>
>
> >
> >
> >> The way to honour that commitment may include several approaches which,
> if we were writing a standard, would be the only normative statements and
> are listed (for the time being, there may be more) in the four bullet items
> as alternatives:
> >>
> >>      • M itself (e.g., a JSON file, and RDFa+HTML file, etc., whatever
> is specified for the exact format and media type of M at some point); or
> >>      • a package in some predefined PWP format that must include M; or
> >>      • an HTML, SVG, or other resource, representing, e.g., the cover
> page of the publication, with M referred to in the Link header of the HTTP
> Response; or
> >>      • an (X)HTML file containing the <link> element referring to M
> >
> > OK.
> >
> >>
> >> Nothing here prescribes a specific server setup. Again, in standard
> specification parlance, all the various server setup possibilities are
> informative and not normative.
> >
> > I'm not sure I agree. IMO the mere consensual statement above (whilst
> important) is not enough; at some point we'll need to be more precise than
> that.
> > Well, this depends on the scope/objectives of the TF…
>
> But I certainly believe that we should not (even if we are normative)
> require one and only one possible server setup. I would _not_ require to
> use content negotiation as the only mechanism, but I would equally _not_
> require a mechanism that makes content negotiation impossible or unused.
> There should be several scenarios the server maintainers could choose from.
> Whether such a list should be standard, whether such list should be
> exhaustive; I do not know. My gut feeling is neither… Because we do not
> produce anything normative, that is actually for later anyway.
>
> Ivan
>
> >
> > Romain.
> >
> >>
> >> Ivan
> >>
> >> P.S. I am also not fully sure what you want to show with the github
> example, I must admit. But it seems to reflect a particular github
> (server:-) setup. Let me give another example: you can run the following
> curl-s:
> >>
> >> curl --head http://www.w3.org/ns/oa
> >> curl --head --header "Accept: application/ld+json"
> http://www.w3.org/ns/oa
> >> curl --head --header "Accept: text/turtle" http://www.w3.org/ns/oa
> >>
> >> these will return the same conceptual content (a vocabulary) in HTML
> (with the vocabulary in RDFa), in JSON-LD, or in turtle, using the same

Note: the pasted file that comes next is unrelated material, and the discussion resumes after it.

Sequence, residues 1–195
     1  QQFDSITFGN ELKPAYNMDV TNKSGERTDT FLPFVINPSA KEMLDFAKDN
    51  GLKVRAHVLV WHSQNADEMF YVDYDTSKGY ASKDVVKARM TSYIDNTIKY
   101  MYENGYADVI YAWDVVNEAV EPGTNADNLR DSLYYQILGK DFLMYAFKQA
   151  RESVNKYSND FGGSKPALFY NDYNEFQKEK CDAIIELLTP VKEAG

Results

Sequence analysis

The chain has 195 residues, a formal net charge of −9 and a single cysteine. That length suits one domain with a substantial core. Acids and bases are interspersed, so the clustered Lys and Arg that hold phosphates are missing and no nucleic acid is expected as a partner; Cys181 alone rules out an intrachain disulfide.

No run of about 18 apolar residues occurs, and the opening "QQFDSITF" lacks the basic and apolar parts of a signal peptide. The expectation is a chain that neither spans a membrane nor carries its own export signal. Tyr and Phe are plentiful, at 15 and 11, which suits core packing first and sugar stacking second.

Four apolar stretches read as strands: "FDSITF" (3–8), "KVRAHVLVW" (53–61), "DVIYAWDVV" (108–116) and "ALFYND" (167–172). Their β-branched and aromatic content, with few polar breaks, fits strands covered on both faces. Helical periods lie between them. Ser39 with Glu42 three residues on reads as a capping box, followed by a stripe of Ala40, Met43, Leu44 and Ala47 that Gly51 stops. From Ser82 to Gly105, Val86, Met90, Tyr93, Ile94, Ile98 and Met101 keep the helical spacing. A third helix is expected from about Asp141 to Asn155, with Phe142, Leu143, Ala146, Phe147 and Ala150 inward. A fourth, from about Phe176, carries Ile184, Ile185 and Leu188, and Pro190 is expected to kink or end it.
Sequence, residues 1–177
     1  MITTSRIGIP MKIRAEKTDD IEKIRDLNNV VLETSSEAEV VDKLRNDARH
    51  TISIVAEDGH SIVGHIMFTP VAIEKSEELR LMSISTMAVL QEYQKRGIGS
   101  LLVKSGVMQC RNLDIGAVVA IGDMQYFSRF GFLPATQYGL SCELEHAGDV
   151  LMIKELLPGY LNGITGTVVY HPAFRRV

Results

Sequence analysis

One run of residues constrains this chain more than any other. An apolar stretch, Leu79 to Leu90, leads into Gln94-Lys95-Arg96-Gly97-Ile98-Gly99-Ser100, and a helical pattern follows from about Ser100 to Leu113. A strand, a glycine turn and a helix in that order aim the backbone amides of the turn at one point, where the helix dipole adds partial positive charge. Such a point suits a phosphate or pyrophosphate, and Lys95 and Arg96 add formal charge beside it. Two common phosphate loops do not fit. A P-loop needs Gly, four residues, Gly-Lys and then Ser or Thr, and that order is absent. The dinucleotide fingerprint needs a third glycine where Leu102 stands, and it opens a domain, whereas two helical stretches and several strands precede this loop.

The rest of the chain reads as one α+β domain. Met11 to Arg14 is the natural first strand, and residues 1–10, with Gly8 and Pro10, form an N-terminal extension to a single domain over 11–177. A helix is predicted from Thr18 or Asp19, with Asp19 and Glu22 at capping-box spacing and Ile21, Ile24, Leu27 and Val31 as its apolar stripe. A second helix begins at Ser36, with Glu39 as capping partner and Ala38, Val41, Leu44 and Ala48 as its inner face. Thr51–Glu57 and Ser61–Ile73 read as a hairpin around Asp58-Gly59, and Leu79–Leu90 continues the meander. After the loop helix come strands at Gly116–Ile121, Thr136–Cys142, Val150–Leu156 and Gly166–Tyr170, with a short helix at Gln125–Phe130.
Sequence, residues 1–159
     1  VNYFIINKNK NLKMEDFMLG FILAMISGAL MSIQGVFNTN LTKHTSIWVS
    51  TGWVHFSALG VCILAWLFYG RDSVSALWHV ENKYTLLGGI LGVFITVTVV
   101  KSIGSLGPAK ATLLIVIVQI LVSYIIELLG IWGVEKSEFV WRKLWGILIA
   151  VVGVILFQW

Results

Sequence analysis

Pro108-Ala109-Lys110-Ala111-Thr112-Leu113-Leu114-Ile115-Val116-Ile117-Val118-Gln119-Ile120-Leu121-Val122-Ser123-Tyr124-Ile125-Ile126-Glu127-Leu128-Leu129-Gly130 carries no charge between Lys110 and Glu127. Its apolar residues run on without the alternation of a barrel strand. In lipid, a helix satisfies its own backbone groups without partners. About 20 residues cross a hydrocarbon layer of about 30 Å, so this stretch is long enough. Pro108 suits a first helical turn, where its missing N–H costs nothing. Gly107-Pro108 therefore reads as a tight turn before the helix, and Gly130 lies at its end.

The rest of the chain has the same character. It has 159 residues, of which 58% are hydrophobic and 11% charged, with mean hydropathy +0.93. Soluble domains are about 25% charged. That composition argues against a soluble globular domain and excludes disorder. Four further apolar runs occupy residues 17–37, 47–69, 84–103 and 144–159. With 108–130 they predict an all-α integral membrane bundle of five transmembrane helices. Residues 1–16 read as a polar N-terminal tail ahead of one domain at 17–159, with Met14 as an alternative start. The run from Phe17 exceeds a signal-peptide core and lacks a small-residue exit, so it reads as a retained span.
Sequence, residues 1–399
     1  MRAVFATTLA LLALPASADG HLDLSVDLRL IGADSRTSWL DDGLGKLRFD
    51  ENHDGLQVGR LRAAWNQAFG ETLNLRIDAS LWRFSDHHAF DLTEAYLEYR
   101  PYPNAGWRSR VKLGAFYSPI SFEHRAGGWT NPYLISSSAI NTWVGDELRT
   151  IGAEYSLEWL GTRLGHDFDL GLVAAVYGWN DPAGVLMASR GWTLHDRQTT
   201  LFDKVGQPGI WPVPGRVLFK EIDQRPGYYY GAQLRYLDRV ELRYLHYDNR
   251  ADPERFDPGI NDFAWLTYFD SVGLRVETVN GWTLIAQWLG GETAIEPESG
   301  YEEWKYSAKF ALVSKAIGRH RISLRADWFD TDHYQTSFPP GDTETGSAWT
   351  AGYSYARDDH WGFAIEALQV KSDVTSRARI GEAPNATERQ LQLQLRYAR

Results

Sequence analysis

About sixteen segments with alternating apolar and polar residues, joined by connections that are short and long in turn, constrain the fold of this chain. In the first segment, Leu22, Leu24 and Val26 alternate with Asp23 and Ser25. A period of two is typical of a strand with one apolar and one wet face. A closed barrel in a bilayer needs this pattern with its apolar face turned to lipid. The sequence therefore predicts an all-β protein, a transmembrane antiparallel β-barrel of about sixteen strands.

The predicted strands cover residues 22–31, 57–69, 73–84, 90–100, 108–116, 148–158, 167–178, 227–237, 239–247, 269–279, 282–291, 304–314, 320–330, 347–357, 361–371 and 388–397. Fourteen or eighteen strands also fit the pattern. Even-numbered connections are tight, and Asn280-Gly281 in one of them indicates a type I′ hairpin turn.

> canonical URL for the vocabulary itself. This requires a different server
> setup.
> >>
> >>
> >>
> >>
> >>> On 18 Feb 2016, at 14:04, Daniel Weck <daniel.weck@gmail.com> wrote:
> >>>
> >>> Hello,
> >>>
> >>> here's a concrete example (unrelated to PWP) which I think illustrates
> >>> the comments made during the concall, regarding content negotiation
> >>> vs. dereferencing URL endpoints to "meta" data about the publication
> >>> locators for unpacked / packed states.
> >>>
> >>> Let's consider the GitHub HTTP API, the w3c/dpub-pwp-loc GitHub
> >>> repository, and the README.md file located at the root of the
> >>> gh-branch. There's a "canonical" URL for that (you can safely click on
> >>> the links below):
> >>>
> >>> curl --head https://api.github.com/repos/w3c/dpub-pwp-loc/readme
> >>> ==> Content-Type: application/json; charset=utf-8
> >>>
> >>> curl https://api.github.com/repos/w3c/dpub-pwp-loc/readme
> >>> ==> "url": "
> https://api.github.com/repos/w3c/dpub-pwp-loc/contents/README.md?ref=gh-pages
> "
> >>>
> >>> As a consumer of that JSON-based API, I can query the actual payload
> >>> that I'm interested in:
> >>> curl
> https://api.github.com/repos/w3c/dpub-pwp-loc/contents/README.md?ref=gh-pages
> >>> ==> "content": "BASE64"
> >>>
> >>>
> >>> Now, back to PWP:
> >>>
> >>> State-agnostic "canonical" URL:
> >>> https://domain.com/path/to/book1
> >>> (note that this could also be a totally different syntax, e.g.
> >>> https://domain.com/info/?get=book1 or
> >>> https://domain.com/book1?get=info etc. for as long as a request
> >>> returns a content-type that a PWP processor / reading-system can
> >>> consume, e.g. application/json or application/pwp-info+json ... or XML
> >>> / whatever)